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Elizabeth Slipek's penchant for all things beautiful brings a retrospective of her work to vivid life.

True Colors


As soon as objects were able to retrieve their cautionary roles from religious symbolic traditions in art, they assumed a sensuous, opulent joy of being. The pure aesthetic experience of things was introduced by Baroque artists, but most flamboyantly intensified by the Post Impressionists. Objects, textiles, exotic fruits and flowers from around the world asserted themselves onto tabletops and mantels in Everyman's home and influenced conversations toward the acquisition of visual stimulation and contentment. Elizabeth Holden Slipek's paintings continue that subject of discussion.

Primarily concentrating on still lifes and interiors with a few landscapes, Slipek paints the places of her life with a perfect sense of color. She is a lover of beautiful things and overlays pattern on top of pattern in developing their placement. Her style of representation, while not unexampled, has nonetheless grown to be her own. And in this retrospective of her work at the Eric Schindler Gallery, one can see how constant she is to it and how the works earnestness is made clear through this.

Slipek does not ask us to believe what she does not know to be reliable. At 79, she is depicting things that can be trusted, enjoyed and remembered. If she describes the houses across the street as having orange, red and yellow checkered walls, well it is a simple, matter of pure faith in sunlight.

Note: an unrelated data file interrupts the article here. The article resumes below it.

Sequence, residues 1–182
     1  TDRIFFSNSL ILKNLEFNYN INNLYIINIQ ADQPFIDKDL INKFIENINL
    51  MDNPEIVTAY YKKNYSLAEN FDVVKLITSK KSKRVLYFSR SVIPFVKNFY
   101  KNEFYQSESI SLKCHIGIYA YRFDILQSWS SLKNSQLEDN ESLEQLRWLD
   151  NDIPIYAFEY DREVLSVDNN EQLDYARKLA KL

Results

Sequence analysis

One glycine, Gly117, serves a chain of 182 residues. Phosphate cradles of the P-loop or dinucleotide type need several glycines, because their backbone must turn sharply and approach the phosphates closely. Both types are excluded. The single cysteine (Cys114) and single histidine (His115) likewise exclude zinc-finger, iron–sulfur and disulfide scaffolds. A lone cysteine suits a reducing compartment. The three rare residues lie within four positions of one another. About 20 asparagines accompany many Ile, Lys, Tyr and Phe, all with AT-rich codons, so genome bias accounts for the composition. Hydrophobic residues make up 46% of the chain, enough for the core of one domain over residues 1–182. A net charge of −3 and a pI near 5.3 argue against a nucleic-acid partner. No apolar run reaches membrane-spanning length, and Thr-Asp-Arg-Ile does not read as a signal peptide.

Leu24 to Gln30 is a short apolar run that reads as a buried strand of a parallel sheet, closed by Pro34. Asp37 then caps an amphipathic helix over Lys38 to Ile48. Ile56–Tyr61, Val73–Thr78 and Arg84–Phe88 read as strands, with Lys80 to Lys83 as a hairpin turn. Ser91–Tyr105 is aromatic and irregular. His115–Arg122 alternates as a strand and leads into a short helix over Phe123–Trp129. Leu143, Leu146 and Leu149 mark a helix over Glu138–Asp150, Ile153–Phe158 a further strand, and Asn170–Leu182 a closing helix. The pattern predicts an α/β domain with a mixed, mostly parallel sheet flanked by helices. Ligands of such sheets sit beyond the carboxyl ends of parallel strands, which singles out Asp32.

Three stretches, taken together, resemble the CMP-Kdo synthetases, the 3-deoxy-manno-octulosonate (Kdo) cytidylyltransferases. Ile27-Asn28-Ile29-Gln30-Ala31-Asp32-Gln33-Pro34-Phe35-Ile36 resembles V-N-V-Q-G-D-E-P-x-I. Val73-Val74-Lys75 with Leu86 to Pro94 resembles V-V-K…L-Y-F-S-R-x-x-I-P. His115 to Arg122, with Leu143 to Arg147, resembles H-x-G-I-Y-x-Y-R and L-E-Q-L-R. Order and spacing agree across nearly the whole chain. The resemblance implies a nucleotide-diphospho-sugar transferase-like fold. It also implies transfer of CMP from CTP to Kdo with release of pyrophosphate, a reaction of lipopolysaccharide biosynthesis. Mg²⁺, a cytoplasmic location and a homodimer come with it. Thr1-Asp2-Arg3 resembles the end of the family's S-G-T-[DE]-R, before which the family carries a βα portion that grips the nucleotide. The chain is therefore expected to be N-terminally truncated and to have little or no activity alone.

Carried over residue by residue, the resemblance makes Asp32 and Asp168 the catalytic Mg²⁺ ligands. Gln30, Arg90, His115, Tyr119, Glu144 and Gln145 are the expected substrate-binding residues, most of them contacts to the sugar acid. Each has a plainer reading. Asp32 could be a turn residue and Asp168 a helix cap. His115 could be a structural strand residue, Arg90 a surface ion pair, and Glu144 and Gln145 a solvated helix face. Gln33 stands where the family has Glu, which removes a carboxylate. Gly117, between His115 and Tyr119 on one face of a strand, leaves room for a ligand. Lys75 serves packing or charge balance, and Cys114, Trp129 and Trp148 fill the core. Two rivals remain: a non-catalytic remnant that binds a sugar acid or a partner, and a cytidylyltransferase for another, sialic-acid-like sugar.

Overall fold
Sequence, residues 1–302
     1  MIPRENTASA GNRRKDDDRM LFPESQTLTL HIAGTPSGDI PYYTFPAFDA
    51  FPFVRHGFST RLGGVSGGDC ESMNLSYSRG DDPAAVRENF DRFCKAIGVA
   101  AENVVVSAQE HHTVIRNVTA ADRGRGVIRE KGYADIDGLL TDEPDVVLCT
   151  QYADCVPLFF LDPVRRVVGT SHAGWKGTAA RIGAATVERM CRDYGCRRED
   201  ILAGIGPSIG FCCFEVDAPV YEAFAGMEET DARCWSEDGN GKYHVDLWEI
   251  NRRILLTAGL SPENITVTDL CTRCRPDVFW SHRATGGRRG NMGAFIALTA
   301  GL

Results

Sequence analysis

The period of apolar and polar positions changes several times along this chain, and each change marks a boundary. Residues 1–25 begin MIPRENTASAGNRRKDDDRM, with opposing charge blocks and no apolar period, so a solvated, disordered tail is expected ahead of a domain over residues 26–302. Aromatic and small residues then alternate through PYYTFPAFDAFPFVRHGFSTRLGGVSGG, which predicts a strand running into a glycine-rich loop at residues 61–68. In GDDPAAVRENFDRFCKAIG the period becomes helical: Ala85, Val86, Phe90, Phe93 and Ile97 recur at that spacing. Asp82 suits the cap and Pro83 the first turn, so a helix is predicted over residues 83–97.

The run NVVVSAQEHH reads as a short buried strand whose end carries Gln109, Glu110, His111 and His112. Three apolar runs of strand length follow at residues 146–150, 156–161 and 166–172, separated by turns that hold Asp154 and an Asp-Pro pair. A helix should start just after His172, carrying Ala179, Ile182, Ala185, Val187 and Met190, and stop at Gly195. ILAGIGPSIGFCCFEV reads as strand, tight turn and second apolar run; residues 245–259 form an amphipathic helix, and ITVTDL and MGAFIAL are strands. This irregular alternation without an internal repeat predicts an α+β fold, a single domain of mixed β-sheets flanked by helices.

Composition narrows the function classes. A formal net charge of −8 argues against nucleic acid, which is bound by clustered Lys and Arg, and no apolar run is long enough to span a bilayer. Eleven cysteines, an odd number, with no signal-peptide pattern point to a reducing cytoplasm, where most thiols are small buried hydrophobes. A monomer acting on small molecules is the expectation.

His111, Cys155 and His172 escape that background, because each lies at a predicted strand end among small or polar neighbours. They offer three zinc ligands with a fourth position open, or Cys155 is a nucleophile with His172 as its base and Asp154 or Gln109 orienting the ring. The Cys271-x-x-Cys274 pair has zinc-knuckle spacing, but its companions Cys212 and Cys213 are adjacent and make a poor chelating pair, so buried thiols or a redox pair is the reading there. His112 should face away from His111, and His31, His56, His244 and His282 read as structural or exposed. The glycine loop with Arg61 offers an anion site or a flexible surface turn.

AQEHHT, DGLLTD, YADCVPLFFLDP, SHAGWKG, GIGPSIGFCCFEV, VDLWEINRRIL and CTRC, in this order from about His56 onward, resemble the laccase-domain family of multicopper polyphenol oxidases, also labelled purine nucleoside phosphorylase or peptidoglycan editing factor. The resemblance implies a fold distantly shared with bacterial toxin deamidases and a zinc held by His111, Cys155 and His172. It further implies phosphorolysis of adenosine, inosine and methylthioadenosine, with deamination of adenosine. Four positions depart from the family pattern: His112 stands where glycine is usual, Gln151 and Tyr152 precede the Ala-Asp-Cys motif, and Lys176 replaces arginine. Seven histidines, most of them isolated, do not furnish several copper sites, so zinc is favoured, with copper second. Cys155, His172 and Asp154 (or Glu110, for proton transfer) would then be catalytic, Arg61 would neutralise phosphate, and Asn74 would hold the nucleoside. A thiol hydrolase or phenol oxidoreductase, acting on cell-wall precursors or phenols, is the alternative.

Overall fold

If she tells us that the dining table is about to reach out like a pink tongue and lap us into the room, that is just by way of making an extra place for an unexpected guest. Slipek paints wild good manners. So, if she renders Princess Diana, smiling coyly with sharp teeth from a relinquished copy of Time magazine that rests on the seat of a Windsor chair, is it a pun, a psychologically orchestrated scene, or just a moment that composed itself inadvertently that day when the sun was coming in the glass door and brightening a vase of cut flowers?

Some artists organize their scenes to occur within a picture plane, offering an empty ground, or at least a table skirt, between the viewer and the view to suggest elsewhere-ness. Slipek is one who prefers to bring everything the painting owns right up to the foreground, giving it a present tense. Flower pots, containers with pens and paintbrushes, and boxes rise up from some undetermined depth beneath the bottom ledge of the painting. This is something of a compositional anomaly for still life. The lower halves of figures, trees and animals have been framed out since the Renaissance for the impact of proximity and for portraiture. But if there was a vessel or container in the picture, one generally saw it as a comprehensive form. In the 20th century, perhaps because the camera trained us to experiment with the framing, this was less an exception. However, Slipek has us peering over the top halves of things regularly like voyeurs as we gaze into her compositions. It's part of her style, and it offers the opportunity for just a little bit more clutter.

It was not until she was in her 60s that Slipek really began to devote herself to painting. While there are a few small paintings in her Schindler Gallery show from earlier times, this body of work largely encompasses the last 10 years. She is an inspiration for the joyousness of her imagination, her energy, and her attitude. Her colors must keep her

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